Israeli television series have received remarkable international acclaim in recent years. In his talk, Omri Ben Yehuda examines the political implications of this success in terms of suspicious and hostile imaginations of Islam, and the way in which the Jew—and the Israeli as the embodiment of a new Jew—performs the role of a liminal figure of mediation. He seeks to unravel these tensions while arguing that during the last decade—a period defined by Prime Minister Benjamin Netanyahu’s rule—Israeli cultural representation experienced a significant paradigmatic shift exemplified in its unflinching confrontation with the violent reality of Jewish sovereign existence in the Middle East. In relinquishing the conventions of psychological-drama in its representations of the crises of conscience and moral dilemmas plaguing the warrior, Israeli culture rejected one of the symbols of its self-perception, that of “shooting and crying,” in favor of a blunter confrontation with its own violence. Omri Ben Yehuda suggests an approach to reading classic literary texts (by S. Yizhar and Yehuda Amichai) and current televisual representations of political conflict and warfare that focuses particularly on the way these texts justify violence: either by portraying the warrior as a victim, or as an outcast possessing special sensitivities, or lastly, as the one who finally acts out the traumatic violence between Arabs and Jews by shooting, and this time, by shooting and killing.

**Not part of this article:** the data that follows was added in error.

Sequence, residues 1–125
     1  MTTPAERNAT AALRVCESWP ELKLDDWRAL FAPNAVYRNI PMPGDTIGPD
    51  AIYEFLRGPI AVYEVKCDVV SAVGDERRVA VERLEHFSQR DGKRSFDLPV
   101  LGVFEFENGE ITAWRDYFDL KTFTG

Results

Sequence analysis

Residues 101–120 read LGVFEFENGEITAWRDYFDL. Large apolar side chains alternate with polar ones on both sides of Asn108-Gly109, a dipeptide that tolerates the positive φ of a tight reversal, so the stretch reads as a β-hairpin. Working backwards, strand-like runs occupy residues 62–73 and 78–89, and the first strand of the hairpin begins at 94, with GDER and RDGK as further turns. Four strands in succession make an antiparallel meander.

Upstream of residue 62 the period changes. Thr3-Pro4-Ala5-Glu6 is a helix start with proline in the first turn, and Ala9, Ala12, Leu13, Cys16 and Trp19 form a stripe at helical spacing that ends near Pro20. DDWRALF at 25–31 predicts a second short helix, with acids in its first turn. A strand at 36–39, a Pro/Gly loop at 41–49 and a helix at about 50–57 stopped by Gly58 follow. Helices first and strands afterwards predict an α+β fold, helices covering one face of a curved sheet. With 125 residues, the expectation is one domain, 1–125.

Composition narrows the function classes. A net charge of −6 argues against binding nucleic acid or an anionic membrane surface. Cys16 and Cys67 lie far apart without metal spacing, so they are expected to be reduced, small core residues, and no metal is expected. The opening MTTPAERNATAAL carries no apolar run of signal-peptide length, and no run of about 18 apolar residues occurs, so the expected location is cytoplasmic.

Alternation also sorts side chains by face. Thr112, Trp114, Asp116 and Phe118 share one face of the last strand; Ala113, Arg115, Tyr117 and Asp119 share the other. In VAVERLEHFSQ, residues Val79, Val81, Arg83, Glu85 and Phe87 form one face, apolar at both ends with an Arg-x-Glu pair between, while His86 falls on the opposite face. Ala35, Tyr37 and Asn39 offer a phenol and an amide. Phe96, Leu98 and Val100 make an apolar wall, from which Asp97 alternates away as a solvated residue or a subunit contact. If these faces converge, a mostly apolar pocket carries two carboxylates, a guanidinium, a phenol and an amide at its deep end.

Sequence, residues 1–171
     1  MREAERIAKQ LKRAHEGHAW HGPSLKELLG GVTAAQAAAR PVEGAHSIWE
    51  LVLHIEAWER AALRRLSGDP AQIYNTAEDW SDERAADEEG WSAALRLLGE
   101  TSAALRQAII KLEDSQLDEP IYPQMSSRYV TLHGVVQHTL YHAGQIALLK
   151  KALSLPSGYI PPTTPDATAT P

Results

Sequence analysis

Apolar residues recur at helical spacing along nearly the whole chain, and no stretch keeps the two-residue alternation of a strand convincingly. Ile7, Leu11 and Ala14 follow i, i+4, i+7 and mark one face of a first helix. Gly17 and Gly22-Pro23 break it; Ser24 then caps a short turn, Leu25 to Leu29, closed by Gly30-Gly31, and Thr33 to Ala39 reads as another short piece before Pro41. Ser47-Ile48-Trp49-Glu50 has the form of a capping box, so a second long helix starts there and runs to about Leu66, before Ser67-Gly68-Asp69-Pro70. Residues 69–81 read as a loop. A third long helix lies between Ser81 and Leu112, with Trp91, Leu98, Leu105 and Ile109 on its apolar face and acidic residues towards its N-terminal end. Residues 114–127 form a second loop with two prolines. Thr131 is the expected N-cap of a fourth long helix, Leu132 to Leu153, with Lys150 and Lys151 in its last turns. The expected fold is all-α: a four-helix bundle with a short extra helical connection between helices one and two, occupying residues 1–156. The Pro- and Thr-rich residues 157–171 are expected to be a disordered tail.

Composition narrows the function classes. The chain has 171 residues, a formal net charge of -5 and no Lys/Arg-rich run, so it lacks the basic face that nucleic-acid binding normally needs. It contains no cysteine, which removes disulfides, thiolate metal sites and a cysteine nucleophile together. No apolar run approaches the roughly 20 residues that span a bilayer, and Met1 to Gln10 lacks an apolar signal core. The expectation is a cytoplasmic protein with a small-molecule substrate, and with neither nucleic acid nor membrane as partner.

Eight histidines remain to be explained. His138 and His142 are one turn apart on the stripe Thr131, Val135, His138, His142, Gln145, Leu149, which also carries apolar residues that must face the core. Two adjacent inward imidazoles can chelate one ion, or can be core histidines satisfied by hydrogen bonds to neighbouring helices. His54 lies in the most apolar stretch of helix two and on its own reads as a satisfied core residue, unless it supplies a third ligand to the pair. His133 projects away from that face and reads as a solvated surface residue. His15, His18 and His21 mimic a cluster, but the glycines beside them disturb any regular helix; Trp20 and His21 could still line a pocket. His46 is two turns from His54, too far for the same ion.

Omri Ben Yehuda is a scholar of comparative Jewish Literatures. His work focuses on Jewish literatures in German and Hebrew, Mizrahi and Israeli literature, Holocaust literature and postcolonial studies. He formerly served as the head of the research group Gaza: Towards the Landscape of an Israeli Hetrotopia at the Van Leer Jerusalem Institute and co-edits a collection of article on the topic which should be published in summer 2021. His comparative essay on the Holocaust, the Nakba and Mizrahi Trauma was published in The Holocaust and the Nakba published in Columbia UP, his essay on the Mizrahim and the 1967 War was published in Jadmag(Jadaliyya), and his postcolonial reading of Kafka’s A Hunger Artist was published in the Tel Aviver Jahrbuch für deutsche Geschichte. Ben Yehuda’s Mizrahi and colonial reading of the Netflix thriller Fauda was published in AJS Review. He is the author of two books and numerous scientific papers published in Shofar, Prooftext, Journal of Jewish Identities and Journal of Modern Jewish Studies, Theory and Criticism and many more.
In accordance with the measures against the spread of the coronavirus, this seminar session will be held virtually via ZOOM. Please register in advance via eume(at)trafo-berlin.de to receive the login details. Depending on approval by the speakers, the Berliner Seminar will be recorded. All audio recordings of the Berliner Seminar are available via the account of the Forum Transregionale Studien on SoundCloud.